Therm-a-Rest NeoAir XLite Max SV

Specs

regular large
R-Value 3.2
Weight 1 lb / 0.46 kg 1 lb 5 oz / 0.60 kg
Width 20 in / 51 cm 25 in / 63 cm
Length 72 in / 183 cm 77 in / 196 cm
Thickness 2.5 in / 6.3 cm
Packed dimensions 23 cm x 10 cm / 9 in x 4.0 in 28 cm x 11 cm / 11 in x 4.5 in

Reviews

It's comfortable, but you're going to have to learn…

Rating: rated 3 of 5 stars
Source: bought it new
Price Paid: $135 eBay

Summary

It's comfortable, but you're going to have to learn how to work the finicky speed valve or you'll be re-inflating in the middle of the night. I'll avoid the debate about inflatables vs. closed cell foam pads, and just say that this pad would be great if you don't mind the extra weight, increased setup time, and singular purpose. Otherwise, I prefer a CCF because it sets up faster, and I can throw it down on any irregular surface in seconds.

Pros

  • Comfortable
  • Deflate time

Cons

  • Finicky Speed Valve
  • Heavy
  • Inflate time
  • Noisy

I found this new on eBay at a price I couldn't resist. It was sold as new, but I suspect the seller tried it out at home, didn't like the speed valve, and put it on eBay as new. Otherwise, I'm still a closed cell foam ("CCF") sleeping pad loyalist for backpacking trips. That said, I've used it on an overnight shakedown on the AT as well as a few nights in my backyard, and for a week crashing on a friend's floor. 

There's plenty of pros and cons in the debate between inflatable pads and CCF pads. I'll skip that here and try to focus just on how this pad performed. 

The speed valve is not as easy to use as the videos would have you believe. It takes at least 20 blows to get it to the point where you use the traditional valve to "top it off." You also have to lay the pad out flat, and get down level with the speed valve. If you stand up and try it, it just doesn't work as well. And, you have to be perfect with sealing the speed valve or it is going to have a slow leak resulting in the need to re-inflate in the middle of the night.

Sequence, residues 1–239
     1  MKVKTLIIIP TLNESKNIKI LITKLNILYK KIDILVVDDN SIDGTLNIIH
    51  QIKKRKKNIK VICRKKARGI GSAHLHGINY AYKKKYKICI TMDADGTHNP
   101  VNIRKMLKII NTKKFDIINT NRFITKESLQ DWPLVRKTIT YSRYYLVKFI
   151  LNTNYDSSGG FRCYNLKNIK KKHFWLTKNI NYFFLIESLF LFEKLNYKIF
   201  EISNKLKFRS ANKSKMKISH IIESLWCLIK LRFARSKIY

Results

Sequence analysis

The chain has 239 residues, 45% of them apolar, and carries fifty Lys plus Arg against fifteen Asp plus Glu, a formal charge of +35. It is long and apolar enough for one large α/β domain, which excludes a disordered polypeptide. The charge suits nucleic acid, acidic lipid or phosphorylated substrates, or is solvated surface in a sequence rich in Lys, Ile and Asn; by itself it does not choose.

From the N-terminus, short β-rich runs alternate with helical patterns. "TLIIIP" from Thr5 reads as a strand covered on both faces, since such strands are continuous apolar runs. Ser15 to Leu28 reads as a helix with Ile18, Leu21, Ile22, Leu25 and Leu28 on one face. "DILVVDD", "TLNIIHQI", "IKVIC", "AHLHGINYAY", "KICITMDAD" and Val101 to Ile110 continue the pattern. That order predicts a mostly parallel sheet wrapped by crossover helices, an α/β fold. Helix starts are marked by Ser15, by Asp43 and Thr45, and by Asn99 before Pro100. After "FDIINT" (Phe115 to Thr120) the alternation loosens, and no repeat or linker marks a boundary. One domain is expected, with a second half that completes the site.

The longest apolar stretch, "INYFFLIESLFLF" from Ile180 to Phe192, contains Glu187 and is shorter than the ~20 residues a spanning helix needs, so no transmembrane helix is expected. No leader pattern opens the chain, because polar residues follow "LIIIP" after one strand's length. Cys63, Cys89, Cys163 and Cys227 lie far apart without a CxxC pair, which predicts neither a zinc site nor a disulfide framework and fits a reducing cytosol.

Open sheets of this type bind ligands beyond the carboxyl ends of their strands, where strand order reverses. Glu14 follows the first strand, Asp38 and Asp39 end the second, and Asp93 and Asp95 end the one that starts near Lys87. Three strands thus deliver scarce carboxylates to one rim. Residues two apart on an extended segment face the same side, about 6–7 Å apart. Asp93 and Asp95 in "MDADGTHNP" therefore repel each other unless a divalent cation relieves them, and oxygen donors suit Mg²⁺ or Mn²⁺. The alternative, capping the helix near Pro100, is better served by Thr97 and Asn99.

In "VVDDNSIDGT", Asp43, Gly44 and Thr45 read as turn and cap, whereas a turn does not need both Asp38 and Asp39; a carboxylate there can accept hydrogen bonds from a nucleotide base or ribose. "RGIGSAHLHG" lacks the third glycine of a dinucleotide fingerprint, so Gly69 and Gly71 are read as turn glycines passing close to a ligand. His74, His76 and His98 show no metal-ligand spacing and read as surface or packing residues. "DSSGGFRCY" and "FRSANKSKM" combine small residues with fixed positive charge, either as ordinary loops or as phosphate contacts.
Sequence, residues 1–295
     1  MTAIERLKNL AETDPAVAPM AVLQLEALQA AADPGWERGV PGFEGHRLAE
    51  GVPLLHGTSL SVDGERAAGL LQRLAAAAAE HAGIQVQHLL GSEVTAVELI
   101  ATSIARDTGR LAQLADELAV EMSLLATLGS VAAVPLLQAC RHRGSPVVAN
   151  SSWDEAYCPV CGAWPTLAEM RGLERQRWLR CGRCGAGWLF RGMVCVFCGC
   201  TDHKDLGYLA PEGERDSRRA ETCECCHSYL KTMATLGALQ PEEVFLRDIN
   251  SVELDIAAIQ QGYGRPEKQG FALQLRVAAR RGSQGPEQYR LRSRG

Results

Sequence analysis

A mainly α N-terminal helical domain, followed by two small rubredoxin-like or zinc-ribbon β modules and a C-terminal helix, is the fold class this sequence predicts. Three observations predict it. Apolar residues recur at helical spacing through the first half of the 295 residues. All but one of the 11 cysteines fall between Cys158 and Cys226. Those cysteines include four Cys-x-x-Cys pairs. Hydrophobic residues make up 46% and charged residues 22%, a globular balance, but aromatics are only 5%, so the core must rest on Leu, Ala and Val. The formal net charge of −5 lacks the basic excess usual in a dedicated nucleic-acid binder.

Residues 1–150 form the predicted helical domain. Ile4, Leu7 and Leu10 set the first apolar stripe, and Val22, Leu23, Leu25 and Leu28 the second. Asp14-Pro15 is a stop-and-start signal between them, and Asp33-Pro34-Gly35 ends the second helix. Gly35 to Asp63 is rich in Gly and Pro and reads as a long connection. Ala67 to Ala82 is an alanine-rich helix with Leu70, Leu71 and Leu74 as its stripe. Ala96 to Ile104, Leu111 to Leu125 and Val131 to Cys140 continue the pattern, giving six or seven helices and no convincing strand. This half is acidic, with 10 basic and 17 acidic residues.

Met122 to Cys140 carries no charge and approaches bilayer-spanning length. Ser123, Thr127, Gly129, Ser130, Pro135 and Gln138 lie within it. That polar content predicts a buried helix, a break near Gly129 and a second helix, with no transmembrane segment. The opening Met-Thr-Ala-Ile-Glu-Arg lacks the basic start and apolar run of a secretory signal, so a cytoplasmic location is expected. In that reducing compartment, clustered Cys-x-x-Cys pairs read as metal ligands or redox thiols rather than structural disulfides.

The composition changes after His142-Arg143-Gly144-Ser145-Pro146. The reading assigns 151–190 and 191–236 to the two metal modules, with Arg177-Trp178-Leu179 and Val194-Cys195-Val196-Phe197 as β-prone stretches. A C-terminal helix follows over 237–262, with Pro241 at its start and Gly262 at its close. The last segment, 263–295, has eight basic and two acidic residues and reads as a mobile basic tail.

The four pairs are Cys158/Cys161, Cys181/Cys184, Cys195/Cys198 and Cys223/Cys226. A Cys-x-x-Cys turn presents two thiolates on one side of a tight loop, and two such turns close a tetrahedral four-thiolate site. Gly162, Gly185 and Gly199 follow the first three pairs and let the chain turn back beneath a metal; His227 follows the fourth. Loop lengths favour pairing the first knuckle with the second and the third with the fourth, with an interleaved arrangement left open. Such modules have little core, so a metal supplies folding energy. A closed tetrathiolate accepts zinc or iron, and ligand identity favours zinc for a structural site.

The key is to make sure that the black plastic piece of the speed valve is tucked securely 100% inside the pad before you start the roll-top seal. Then, you roll it so that the gray side is out. Roll it seven times. I kept thinking I had a leak from a puncture or micro-hole, but I finally figured out it was just the speed valve. A search of the internet revealed I'm not the only one having issues with the speed valve.

Once inflated, this pad is very comfortable. It's more comfortable than my CCF pad. 

Deflating the pad is probably the best feature. Just undo the speed valve, and start rolling from the bottom. It's deflated in 20 seconds or less. Rolling it back up and getting it into the stuff sack is a little chore as you can't just stuff it in the sack. You have to have the gray side down, fold one long side 1/3 into the middle of the pad, then fold the other long side into the middle of the pad, then roll from the bottom, continuing to squeeze air from the pad. If the wind is blowing, it makes this chore even more difficult because the bad doesn't want to stay folded. 

This is the longer and wider pad, and I like that size better than a regular CCF pad. But, the extra 5 ounces just isn't worth it to me. 

The pad doesn't seem very durable either. But, I haven't punctured it. I did cowboy camp on it one night, and it held up on packed dirt with whatever little rocks, pebbles, and sticks, I couldn't sweep away with my feet. 

This pad is perfect if you want to have something for car camping. But, if you're car camping, why not go with something even more luxurious? I recently found myself having to crash on a friend's floor, and I was happy to have this pad in the trunk of my car. I only had to inflate it once for the week, and it is more comfortable than a CCF pad. 

When I'm backpacking, I use my sleeping pad as a sit pad for breaks, lunch, and around camp. You cannot use this inflatable like a CCF pad in that respect. That's a shortcoming for inflatables, and not a reason I only gave this pad 3 stars. The 3-star rating is because the speed valve is a pain in the ass except for deflating the pad.

Some people complain about the crinkling sound this pad makes when you move on it, and I noticed the sound, but it didn't bother me. The sound is coming from the interior baffle design. 

So, if you are willing to learn how to use the speed valve and you don't mind a longer inflate time and less flexibility in use compared to a CCF pad, then this is a good pad. But, its pros don't outweigh the pros for a CCF pad. 

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